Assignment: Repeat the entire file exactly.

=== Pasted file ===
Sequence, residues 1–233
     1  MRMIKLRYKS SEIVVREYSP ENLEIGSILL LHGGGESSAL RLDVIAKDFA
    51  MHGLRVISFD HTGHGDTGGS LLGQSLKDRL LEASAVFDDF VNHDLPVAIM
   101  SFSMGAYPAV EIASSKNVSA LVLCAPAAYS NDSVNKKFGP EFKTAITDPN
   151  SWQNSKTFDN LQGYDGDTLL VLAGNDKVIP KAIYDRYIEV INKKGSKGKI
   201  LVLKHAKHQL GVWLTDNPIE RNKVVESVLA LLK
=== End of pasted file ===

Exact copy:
Sequence, residues 1–233
     1  MRMIKLRYKS SEIVVREYSP ENLEIGSILL LHGGGESSAL RLDVIAKDFA
    51  MHGLRVISFD HTGHGDTGGS LLGQSLKDRL LEASAVFDDF VNHDLPVAIM
   101  SFSMGAYPAV EIASSKNVSA LVLCAPAAYS NDSVNKKFGP EFKTAITDPN
   151  SWQNSKTFDN LQGYDGDTLL VLAGNDKVIP KAIYDRYIEV INKKGSKGKI
   201  LVLKHAKHQL GVWLTDNPIE RNKVVESVLA LLK